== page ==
The Democrats with their eyes on the White House have stocked their campaign teams with political operatives, digital strategists, former journalists and even a few corporate social media experts in the hope of winning their party’s nomination and ousting President Donald Trump next year.
While most campaigns had their senior communications staff in-place by the spring, some are still making high-profile hires. One recent hire is PRWeek 40 Under 40 2017 honoree Alencia Johnson, who left Planned Parenthood after six years to join Sen. Elizabeth Warren’s (D-MA) team as director of public engagement, which was also one of her roles at the women’s healthcare organization.
Hari Sevugan, former national press secretary for the Democratic National Committee and one-time spokesperson for President Barack Obama, tweeted on Thursday that he has joined the campaign of South Bend, Indiana, Mayor Pete Buttigieg. Sevugan is serving as deputy campaign manager for brand and media for the Navy veteran and first openly gay presidential candidate.
Johnson and Sevugan will probably be among the last major campaign comms hires -- at least until some candidates drop out of the crowded race, says Mark Penn, managing partner of Stagwell Group and CEO of MDC Partners. "The teams should be pretty much in place, with the exception that as candidates drop out, people will move over to another candidate," he says.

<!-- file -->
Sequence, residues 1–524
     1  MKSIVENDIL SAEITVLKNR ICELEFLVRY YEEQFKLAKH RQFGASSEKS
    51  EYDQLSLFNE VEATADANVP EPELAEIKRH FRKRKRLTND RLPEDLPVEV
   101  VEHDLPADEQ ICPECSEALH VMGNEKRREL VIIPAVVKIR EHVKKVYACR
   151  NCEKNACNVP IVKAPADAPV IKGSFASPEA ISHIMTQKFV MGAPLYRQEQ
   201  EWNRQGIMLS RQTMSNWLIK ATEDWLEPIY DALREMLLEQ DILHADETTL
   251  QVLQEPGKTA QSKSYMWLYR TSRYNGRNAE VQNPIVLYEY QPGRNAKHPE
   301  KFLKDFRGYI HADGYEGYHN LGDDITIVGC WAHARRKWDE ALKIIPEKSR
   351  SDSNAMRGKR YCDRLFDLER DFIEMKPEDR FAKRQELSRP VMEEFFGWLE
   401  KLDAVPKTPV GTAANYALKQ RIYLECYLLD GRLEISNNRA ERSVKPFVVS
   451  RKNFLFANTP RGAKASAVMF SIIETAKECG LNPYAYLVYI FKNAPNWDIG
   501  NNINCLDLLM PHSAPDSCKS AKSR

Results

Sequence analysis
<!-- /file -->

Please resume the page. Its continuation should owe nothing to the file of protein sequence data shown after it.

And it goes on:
Penn, a former key adviser to President Bill Clinton and former Secretary of State Hillary Rodham Clinton, notes that in this election cycle, some campaigns are looking to the corporate world to find social media expertise. "With something like social media, where there isn’t the depth of experience built up as is the case with political advertising, you will see campaigns with people from the corporate side, and they could end up being very successful in the role," he says.
Penn adds that Democratic campaigns could also see the emergence of an agency or expert in small-dollar fundraising communications, like Republican Zac Moffatt, the former digital director for 2012 Republican standard-bearer Sen. Mitt Romney (R-UT) and CEO of agency Targeted Victory.